“NOT REAL LIFE - took over 100 in similar poses trying to make my stomach look good. Would have hardly eaten that day. Would have yelled at my little sister to keep taking them until I was somewhat proud of this. Yep so totally#goals.” (Photo: Instagram/Essenaoneill)
Essena O’Neill is a popular 18-year-old Australian social media celebrity. Her Instagram “fame” of 586,000 followers and YouTube follower count of over 200,000 was fueled by her healthy vegan lifestyle, inspiring fitness advice, and seemingly beautiful world.
However, what we were seeing was a controlled business, not her actual life. “Everything I was doing was edited and contrived,” O’Neill says on her new site, Let’s Be Game Changers.
“I have an insight into a world of social media that I believe not many people are aware of in terms of how it works in advertisements, about how I know a lot of other social media ‘personalities’ and just how fake it all is.” — Essena O’Neill (Video: YouTube/Essenaoneill)
She deleted hundreds of photos on her Instagram account, @essenaoneill, which is followed by more than half a million people. O’Neill also went back to her old photos and changed captions to descriptions of what she was feeling like at the time of the photo, such as: “A 15 year old girl that calorie restricts and excessively exercises is not goals.”
Yahoo Health spoke to Art Markman, psychologist at the University of Texas at Austin, about the effect of social media, group mentality, and happiness.
“American culture promotes fame as a goal. Media often focuses on a small group of famous people rather than telling stories of ordinary people going about their days. Some people are famous for their accomplishments (as politicians, scientists, actors, or musicians, for example). Others are famous primarily for being famous.” These people are distinguishable every day on platforms like television and magazines, but even more accessible is social media.
Markman continues, “The Internet has created opportunities for people to gain followers and fame without going through traditional media channels.” He highlighted how being known by a large number of people doesn’t equate to happiness — this is the social media illusion and contributes to the idea of a filtered life.
“Life satisfaction comes from factors like making a contribution to society, helping others, and working on projects that are bigger than yourself. It is no surprise that those people who achieve fame without engaging in activities that create more general satisfaction are often unhappy with their stardom.” Markman references Danny Kahneman’s research that shows that attaining a desired goal doesn’t equal long-term happiness, or the “hedonic treadmill.”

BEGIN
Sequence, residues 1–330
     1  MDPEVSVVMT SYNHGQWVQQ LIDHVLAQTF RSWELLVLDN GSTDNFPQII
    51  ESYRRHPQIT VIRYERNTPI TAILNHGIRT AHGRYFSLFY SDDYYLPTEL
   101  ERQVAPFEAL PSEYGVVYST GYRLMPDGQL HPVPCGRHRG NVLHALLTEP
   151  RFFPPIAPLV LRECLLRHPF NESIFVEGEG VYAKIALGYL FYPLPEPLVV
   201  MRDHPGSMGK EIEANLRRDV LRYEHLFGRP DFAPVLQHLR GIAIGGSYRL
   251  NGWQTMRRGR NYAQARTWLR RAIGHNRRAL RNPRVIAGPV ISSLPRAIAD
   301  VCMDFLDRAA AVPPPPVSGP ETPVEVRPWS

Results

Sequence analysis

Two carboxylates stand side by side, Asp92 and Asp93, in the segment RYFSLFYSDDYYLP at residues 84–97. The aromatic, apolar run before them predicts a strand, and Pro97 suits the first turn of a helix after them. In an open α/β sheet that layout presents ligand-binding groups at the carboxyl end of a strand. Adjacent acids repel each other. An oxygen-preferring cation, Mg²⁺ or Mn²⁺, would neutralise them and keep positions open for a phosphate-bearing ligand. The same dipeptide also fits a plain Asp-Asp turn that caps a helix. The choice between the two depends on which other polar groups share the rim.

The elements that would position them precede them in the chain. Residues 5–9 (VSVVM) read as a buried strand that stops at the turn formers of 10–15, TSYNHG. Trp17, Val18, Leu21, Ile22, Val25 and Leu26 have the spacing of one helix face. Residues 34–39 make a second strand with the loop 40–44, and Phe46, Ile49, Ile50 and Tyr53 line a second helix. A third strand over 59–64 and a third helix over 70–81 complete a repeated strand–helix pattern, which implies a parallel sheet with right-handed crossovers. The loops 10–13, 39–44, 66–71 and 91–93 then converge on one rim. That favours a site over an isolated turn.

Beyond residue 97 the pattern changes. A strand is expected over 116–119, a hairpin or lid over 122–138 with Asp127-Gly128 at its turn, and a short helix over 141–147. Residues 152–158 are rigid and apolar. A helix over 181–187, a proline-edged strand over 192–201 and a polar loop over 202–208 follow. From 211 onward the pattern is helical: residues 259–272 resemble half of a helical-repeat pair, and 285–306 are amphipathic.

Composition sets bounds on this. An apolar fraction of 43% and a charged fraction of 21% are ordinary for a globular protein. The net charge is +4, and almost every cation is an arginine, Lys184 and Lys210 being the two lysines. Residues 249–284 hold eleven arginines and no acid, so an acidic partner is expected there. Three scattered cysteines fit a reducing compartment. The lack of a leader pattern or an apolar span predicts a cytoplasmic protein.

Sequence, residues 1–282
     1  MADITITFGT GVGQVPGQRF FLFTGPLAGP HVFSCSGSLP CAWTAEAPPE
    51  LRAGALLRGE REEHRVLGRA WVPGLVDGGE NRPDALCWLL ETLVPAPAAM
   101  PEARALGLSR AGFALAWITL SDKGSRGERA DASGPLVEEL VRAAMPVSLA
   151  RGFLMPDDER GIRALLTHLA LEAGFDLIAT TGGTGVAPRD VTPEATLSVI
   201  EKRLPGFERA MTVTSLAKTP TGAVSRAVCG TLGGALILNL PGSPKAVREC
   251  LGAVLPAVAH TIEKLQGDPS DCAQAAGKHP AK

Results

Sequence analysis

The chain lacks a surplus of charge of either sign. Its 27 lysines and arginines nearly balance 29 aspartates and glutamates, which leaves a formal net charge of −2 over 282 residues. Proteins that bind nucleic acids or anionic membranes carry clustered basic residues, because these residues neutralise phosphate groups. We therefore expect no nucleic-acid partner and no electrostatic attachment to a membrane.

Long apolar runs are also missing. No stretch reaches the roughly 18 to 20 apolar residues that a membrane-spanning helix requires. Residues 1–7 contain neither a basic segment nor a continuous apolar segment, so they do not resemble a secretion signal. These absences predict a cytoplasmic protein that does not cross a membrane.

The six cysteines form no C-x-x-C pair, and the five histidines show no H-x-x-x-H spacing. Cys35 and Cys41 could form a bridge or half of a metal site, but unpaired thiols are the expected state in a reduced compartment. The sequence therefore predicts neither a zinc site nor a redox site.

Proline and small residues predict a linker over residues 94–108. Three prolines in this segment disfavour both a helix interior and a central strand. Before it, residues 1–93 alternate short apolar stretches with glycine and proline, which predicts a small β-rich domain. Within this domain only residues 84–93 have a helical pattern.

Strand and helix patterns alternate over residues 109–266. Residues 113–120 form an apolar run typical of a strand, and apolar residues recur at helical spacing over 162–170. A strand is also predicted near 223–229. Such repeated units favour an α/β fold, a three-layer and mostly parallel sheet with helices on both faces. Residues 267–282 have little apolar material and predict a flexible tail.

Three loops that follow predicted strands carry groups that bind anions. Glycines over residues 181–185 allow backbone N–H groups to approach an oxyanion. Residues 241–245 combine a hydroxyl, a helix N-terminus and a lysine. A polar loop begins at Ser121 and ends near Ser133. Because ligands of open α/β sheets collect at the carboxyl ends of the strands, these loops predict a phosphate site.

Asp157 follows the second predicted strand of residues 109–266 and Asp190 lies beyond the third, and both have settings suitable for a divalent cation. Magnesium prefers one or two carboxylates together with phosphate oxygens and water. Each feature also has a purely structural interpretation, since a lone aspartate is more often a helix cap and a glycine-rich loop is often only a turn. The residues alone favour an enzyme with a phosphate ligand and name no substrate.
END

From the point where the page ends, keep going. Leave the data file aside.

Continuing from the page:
O’Neill writes on the post below, “The only thing that made me feel good that day was this photo. How deeply depressing.”
“I had it ‘all’ and I was miserable because when you let yourself be defined by numbers, you let yourself be defined by something that is not pure. That is not real. And that is not love,” O’Neill continued in her video, which has already gotten over 50,000 views.
O’Neill had paid posts, a modeling contract, and hundreds of thousands of viewers because of the “dream life” we all thought she had. While in the United States, O’Neill sent texts to her friends when her realization began, saying, “I don’t want to promote greedy industries or photoshop or fake art…” and following it up with “i was putting so much push onto getting a visa for the US asap…but at what cost? doing shitty jobs to make more money I don’t really need?” For many Instagram users, they may scroll past these products and think that the digital influencers actually enjoy using the brand.
This is her insight to the industry that is saturated with diet teas and bright clothing and travel resorts.
“Without realizing, I’ve spent the majority of my teenage life being addicted to social media, social approval, social status and my physical appearance,” she wrote. “Social media, especially how I used it, isn’t real.”
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